Leaders also need to understand the challenges women of diverse cultural backgrounds may face at home. Despite their ambitions and career aspirations, they may be facing the challenges of returning home to husbands, mothers and in-laws who are not supportive of their desire to work.
Leaders need to assess how culturally diverse their organisations are and then put in place targets to reduce the gaps. I am proud to lead a brand in Victoria that is diverse in the representation of women in leadership but also within ethnic representations. We connect with our communities, which creates tolerance and understanding with our clients and each other.
Far too often I am approached by women at conferences thanking me for pointing out the lack of diversity in the room and workplaces. They often speak to me about what they need to do to get noticed and bridge the gap.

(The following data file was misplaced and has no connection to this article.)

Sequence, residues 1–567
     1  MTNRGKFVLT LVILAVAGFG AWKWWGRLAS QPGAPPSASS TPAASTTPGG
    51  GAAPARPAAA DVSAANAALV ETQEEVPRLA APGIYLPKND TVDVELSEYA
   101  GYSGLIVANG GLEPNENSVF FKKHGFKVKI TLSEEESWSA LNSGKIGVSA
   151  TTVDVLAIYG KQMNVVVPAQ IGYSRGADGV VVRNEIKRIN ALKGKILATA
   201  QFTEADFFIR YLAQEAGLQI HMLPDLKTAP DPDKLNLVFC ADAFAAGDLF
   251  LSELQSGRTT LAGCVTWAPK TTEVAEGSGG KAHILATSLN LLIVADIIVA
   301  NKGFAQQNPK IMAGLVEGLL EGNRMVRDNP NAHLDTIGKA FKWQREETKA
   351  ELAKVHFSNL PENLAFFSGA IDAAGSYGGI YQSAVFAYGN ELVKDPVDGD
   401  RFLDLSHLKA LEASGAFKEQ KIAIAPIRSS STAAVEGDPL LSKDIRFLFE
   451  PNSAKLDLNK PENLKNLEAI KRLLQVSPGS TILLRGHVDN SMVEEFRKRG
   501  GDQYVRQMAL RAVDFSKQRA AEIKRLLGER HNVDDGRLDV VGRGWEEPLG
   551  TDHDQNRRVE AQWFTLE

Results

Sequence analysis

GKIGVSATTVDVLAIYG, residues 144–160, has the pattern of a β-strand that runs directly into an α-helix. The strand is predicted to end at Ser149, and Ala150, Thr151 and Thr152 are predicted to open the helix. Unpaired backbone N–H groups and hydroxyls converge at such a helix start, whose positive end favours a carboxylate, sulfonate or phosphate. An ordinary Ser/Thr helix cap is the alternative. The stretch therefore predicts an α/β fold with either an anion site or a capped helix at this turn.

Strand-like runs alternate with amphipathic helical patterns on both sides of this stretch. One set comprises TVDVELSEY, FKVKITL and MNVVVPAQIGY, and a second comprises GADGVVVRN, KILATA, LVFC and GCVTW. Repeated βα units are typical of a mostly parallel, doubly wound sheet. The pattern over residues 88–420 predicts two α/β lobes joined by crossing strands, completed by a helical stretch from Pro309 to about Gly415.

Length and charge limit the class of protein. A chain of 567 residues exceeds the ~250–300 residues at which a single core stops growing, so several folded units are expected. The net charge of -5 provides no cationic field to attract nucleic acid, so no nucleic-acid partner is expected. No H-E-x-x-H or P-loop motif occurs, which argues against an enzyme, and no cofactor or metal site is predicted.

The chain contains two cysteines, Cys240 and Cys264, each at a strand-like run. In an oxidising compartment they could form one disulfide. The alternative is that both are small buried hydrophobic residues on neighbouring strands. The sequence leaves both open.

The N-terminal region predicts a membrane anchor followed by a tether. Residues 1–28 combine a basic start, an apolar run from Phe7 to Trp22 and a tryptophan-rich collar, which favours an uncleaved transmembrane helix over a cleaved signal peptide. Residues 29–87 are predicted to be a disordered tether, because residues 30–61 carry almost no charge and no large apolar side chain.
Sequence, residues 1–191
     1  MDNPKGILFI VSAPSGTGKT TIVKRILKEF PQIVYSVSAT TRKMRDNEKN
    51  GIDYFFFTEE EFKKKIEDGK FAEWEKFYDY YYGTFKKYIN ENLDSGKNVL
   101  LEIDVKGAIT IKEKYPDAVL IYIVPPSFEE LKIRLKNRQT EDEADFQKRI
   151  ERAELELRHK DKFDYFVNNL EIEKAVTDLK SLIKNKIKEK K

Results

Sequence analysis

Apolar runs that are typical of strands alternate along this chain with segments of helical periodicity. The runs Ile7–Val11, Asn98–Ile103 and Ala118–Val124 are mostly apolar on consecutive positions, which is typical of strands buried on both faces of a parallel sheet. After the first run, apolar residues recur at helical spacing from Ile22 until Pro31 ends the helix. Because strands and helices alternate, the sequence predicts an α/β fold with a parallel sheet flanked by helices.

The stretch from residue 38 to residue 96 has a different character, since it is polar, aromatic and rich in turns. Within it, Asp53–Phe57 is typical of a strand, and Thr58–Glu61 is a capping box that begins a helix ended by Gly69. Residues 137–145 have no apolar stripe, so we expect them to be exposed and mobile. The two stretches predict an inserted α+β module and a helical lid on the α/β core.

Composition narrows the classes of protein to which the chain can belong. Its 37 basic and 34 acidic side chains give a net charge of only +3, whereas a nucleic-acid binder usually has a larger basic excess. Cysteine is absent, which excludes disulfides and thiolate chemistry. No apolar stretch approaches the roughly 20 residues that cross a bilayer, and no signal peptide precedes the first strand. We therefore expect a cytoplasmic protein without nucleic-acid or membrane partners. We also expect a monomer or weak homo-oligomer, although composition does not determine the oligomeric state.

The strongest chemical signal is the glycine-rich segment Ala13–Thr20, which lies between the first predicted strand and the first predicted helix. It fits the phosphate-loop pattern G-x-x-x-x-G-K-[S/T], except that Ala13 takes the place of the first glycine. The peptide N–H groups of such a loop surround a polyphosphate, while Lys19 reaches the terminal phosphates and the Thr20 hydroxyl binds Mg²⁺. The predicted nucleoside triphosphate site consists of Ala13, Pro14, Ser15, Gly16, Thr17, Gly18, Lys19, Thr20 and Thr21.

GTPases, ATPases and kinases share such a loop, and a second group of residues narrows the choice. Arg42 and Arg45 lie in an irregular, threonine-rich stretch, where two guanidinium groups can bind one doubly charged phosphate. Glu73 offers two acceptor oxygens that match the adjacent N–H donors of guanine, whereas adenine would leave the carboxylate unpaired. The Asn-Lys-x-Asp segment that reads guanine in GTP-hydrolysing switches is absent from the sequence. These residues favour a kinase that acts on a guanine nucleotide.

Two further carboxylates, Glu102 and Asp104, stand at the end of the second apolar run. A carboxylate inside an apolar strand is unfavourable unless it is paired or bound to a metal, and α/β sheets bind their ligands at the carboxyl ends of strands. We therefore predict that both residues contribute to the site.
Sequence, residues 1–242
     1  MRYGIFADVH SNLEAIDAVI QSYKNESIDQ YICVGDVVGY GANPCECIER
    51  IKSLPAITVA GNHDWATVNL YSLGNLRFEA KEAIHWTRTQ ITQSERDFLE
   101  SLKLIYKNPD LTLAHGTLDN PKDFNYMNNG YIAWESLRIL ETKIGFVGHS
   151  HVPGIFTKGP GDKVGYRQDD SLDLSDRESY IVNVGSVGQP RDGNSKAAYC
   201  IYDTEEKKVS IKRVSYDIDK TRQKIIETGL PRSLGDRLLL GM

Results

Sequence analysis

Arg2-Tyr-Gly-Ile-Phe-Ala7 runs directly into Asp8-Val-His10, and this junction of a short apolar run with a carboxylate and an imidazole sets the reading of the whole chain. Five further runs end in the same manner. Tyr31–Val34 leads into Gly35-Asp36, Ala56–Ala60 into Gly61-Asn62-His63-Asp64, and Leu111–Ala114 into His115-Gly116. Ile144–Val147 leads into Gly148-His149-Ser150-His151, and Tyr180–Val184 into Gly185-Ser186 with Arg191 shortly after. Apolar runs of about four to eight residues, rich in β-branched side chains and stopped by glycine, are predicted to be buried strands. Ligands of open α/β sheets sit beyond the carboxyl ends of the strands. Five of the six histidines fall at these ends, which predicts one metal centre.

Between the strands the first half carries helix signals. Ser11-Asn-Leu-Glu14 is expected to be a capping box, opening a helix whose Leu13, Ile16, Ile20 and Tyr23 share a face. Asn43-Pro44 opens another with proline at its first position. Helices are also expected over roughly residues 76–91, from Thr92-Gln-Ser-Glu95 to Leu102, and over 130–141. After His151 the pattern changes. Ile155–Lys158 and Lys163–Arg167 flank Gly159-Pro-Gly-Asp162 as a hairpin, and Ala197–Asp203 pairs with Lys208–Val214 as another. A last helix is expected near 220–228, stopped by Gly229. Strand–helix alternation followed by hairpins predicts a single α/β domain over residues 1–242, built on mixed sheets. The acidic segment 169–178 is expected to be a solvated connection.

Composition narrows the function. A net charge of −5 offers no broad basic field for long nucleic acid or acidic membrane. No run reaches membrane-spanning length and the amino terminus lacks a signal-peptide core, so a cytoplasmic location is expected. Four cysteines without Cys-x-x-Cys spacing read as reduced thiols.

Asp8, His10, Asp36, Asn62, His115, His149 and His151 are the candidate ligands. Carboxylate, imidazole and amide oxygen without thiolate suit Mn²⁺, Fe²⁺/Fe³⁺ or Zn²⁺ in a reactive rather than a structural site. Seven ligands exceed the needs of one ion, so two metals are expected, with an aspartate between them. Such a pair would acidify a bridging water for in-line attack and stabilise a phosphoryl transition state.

Well here are a few tips:
Interestingly, this list is really no different for those women who are not from culturally diverse backgrounds.
As leaders, how do we start this journey of making sure our businesses reflect our communities? I believe we need to train our employees on cultural inclusion and the impact of bias and racism – not just within the business but in the community.
• Changing forms that ask for gender and cultural backgrounds and genuinely interview candidates based on skill sets and experience
• Ensuring that culturally diverse women do not become invisible in your organisation.
As a minority leader – not just as a woman but a woman of colour – this is not an issue I can leave at the door. I challenge my co-leaders to step up and keep the conversation going – to commit to the changes not just for the financial benefits of your organisation but more so for the connection with your clients and people who choose to work in your organisations.
I hope the study will be the first of many – something that will be picked up by the mainstream media and business leaders – and we will start to see the colours of our community reflected in our companies.